The MOJ Consultation Paper on ‘Transforming Legal Aid’ (CP14/2013) was published on 9 April 2013.
It will have a considerable impact on the provision of legal advice to prisoners and potentially on prison life more generally. It is available at;
The Consultation ends on the 4th June and we are therefore seeking your views, either as an individual or as an organisation and inviting you to write directly with any concerns you may have around the proposals in their current form.
The implementation of the proposals will, it is envisaged, be by way of statutory instrument, requiring no legislative change, and therefore no wider parliamentary debate or vote. It will be introduced as an amendment to Legal Aid Agency contracts to firms and organisations in Autumn 2013.
The reason given for the proposed changes
The rationale for the proposal is described in the Executive Summary as “proposals for improving public confidence in the legal aid scheme” and including “reforms to prison law to ensure that legal aid is not available for matters that do not justify the use of public funds such as treatment issues;” (para 1.5, p.5).
Summary of the effect that the proposals will have on prisoners
The main focus of the proposals (reference paragraph 3.14) within the prison law context is to reduce the of legal aid to parole cases (which remain because of the right to a review of on-going detention under article 5(4)), adjudication cases where article 6 is engaged, such as Independent Adjudications (IA), and sentence cases affecting length of sentence (eg Minimum Term Reviews).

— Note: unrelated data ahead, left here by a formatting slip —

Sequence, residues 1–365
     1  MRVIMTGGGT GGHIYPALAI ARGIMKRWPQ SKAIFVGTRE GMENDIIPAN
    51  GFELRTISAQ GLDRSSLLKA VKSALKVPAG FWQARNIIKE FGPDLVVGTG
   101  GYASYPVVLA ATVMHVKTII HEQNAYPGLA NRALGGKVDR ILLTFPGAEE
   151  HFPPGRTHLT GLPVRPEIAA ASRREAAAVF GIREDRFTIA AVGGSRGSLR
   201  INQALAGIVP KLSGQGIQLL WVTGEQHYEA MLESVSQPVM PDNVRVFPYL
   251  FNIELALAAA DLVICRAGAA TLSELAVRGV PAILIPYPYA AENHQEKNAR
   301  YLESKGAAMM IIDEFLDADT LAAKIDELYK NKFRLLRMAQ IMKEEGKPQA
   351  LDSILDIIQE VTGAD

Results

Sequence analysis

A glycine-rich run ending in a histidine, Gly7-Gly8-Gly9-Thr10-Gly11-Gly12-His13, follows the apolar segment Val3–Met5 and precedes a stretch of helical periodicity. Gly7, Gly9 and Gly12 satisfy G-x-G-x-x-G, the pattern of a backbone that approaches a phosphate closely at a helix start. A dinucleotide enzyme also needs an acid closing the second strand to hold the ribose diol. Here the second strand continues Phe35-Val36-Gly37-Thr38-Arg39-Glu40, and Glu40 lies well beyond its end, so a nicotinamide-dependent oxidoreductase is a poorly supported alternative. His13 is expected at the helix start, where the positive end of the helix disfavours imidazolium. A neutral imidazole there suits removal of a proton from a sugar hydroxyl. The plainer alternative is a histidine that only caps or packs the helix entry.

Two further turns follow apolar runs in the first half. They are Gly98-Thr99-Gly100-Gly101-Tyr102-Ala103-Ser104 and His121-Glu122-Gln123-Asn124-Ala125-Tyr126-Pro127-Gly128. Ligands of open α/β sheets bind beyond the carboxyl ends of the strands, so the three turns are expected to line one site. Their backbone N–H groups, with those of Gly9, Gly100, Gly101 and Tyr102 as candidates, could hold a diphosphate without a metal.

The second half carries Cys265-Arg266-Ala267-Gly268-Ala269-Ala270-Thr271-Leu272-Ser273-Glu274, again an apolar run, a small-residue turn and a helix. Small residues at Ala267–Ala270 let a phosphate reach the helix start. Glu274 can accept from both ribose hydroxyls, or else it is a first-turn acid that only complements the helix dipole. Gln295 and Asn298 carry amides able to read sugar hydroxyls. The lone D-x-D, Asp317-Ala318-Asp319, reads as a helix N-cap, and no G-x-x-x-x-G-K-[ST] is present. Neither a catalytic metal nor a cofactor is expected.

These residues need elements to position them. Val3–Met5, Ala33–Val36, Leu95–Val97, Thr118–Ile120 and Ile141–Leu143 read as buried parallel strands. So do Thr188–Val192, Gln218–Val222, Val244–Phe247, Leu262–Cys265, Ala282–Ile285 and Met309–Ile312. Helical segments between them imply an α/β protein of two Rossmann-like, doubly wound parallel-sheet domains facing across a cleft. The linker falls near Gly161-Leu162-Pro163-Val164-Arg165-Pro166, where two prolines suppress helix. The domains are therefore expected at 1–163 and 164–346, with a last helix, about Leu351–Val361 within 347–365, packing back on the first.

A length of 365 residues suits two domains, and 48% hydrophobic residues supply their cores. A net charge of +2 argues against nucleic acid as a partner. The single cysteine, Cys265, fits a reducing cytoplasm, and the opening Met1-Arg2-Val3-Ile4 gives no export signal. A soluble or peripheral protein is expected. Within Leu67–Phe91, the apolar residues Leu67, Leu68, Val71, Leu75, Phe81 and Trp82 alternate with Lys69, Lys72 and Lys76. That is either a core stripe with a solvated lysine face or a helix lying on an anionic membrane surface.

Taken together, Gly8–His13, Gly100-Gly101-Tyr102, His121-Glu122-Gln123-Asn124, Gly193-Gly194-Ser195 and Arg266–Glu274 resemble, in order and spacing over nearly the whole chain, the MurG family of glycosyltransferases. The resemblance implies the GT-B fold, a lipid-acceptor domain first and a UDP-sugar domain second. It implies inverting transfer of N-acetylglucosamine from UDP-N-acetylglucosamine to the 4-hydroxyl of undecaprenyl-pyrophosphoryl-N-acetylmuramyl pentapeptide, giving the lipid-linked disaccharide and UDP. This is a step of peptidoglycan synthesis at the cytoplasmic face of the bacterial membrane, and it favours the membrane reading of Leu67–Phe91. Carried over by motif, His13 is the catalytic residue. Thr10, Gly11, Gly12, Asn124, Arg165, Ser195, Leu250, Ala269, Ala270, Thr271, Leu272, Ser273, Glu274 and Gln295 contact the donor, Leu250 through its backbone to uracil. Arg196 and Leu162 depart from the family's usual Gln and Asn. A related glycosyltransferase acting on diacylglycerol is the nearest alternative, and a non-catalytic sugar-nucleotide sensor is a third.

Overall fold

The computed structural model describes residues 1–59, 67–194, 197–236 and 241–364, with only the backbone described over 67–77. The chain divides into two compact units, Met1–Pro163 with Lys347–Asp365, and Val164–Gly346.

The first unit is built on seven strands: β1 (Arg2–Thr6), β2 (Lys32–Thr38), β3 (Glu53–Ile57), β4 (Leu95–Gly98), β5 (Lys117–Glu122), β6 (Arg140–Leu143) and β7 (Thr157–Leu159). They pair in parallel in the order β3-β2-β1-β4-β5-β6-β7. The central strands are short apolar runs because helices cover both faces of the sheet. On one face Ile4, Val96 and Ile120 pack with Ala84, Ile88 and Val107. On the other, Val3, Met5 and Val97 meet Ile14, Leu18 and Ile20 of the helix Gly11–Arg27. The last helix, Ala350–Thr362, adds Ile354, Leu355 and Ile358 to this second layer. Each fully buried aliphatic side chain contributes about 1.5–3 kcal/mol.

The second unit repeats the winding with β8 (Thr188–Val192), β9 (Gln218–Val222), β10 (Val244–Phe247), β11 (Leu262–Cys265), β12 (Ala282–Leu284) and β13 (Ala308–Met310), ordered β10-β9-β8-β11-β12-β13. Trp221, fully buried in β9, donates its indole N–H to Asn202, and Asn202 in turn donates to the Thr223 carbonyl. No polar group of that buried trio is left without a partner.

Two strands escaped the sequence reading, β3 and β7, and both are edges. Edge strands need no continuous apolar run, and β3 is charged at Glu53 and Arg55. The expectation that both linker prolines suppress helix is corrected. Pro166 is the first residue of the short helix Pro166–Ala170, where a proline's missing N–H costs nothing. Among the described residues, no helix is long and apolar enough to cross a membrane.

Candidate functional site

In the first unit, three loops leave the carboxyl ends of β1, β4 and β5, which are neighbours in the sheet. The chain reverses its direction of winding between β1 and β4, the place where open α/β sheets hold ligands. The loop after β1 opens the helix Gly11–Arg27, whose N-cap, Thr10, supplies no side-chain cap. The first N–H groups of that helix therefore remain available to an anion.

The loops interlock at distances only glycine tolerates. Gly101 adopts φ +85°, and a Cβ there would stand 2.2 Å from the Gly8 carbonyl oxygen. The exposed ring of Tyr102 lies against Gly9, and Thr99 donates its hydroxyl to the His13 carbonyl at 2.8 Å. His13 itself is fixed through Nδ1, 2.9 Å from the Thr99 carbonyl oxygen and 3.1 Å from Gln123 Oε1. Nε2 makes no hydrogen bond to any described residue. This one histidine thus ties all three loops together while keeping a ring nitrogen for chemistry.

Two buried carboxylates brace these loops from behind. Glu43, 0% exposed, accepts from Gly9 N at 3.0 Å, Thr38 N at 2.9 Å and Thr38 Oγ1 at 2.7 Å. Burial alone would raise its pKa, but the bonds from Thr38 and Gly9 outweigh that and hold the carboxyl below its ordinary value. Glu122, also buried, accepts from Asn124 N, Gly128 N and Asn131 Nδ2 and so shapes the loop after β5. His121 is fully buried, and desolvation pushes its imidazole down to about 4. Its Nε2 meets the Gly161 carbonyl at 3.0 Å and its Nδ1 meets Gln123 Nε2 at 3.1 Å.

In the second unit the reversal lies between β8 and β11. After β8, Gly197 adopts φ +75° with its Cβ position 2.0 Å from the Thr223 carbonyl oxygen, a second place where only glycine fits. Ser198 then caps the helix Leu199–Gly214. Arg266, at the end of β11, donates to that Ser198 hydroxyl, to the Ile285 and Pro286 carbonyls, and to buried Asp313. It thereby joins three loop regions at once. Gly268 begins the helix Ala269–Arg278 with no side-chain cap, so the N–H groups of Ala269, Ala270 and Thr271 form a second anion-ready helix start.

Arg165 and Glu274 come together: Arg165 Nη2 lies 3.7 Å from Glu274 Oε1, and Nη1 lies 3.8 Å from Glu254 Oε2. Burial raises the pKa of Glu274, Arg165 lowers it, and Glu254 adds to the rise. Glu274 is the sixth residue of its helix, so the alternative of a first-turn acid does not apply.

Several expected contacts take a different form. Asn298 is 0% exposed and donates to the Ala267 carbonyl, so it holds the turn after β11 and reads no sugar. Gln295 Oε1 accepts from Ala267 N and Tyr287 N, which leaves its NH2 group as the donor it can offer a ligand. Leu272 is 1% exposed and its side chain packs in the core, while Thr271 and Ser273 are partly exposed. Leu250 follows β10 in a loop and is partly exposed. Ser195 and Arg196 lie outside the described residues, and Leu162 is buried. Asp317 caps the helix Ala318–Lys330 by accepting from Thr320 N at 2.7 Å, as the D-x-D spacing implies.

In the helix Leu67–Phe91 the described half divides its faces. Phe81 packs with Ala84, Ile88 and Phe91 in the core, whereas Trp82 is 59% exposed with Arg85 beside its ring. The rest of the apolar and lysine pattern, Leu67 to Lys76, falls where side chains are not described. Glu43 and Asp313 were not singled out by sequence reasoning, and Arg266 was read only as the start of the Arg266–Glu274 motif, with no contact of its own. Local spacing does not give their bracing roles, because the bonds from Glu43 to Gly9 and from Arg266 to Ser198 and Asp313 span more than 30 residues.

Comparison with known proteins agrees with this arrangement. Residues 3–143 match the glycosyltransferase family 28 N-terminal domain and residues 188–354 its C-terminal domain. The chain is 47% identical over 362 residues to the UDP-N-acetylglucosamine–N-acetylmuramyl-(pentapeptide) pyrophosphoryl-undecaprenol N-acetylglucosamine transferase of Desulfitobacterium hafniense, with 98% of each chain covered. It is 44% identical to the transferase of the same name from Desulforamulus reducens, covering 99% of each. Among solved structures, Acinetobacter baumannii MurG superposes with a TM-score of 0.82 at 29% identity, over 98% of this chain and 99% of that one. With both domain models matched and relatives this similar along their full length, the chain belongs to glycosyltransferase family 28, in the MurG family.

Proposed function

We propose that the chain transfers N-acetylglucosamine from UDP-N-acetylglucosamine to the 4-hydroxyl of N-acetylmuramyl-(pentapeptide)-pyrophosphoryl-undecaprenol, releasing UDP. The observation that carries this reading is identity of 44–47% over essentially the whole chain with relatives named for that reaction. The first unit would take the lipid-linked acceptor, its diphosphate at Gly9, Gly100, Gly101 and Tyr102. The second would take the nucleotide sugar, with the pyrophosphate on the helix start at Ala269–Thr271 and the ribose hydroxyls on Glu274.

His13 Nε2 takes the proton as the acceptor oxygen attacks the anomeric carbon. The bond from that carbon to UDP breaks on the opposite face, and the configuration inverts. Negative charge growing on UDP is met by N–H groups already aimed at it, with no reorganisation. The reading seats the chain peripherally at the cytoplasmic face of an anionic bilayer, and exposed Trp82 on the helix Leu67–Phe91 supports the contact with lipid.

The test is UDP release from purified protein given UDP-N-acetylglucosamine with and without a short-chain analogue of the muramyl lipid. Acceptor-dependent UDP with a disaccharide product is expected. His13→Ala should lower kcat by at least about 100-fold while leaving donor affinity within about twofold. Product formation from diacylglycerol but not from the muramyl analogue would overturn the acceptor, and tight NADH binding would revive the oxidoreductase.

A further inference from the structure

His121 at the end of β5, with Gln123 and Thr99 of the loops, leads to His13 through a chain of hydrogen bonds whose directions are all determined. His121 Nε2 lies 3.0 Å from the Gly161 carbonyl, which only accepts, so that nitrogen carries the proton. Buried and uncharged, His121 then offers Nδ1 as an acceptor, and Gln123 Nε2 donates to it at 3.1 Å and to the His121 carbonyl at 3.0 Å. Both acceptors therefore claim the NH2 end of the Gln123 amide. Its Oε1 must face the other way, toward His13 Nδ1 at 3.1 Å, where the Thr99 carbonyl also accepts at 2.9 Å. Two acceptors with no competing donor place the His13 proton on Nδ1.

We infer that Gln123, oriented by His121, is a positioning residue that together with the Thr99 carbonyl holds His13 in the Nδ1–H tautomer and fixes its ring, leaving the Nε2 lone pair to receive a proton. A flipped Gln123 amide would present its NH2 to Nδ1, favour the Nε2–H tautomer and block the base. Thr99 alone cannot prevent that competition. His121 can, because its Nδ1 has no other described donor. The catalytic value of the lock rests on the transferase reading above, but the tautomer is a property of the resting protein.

The effect on the prison population, in terms of their access to legal advice and assistance, will be the ending of any legal help on all treatment issues.
Legal aid assistance will not therefore be available in respect of;
• any internal disciplinary matters such as adjudications where the IA is not involved or meets the Tarrant criteria and segregation;
• all categorisation cases (including cat A reviews, getting to open conditions and challenging removals from open conditions)
• resettlement and licence conditions cases
• close supervision centres and dangerous and severe personality disorder referrals and assessments
There appears to be no exemptions for children or vulnerable prisoners.
Prisoners especially are encouraged to respond to the consultation giving their own examples of why the above issues are important and any concerns they have with how the complaints system operates in prison, including their dealings with the IMB and the Prison and Probation Ombudsman. Finally any examples of where someone has been successfully assisted by a lawyer to challenge a unfair or unreasonable decision would also be helpful.
You and your families can write to MPs. You can respond directly to the consultation by writing to Annette Cowell, Ministry of Justice, 102 Petty France, London, SW1H 9AJ by 4th June 2013.
You can also contact the APL c/o Office 7, 19 Greenwood Place, London NW5 1LB. The website address is www.associationofprisonlawyers.co.uk. They are organising a response to the consultation and looking for examples of where legal advice has had a positive impact.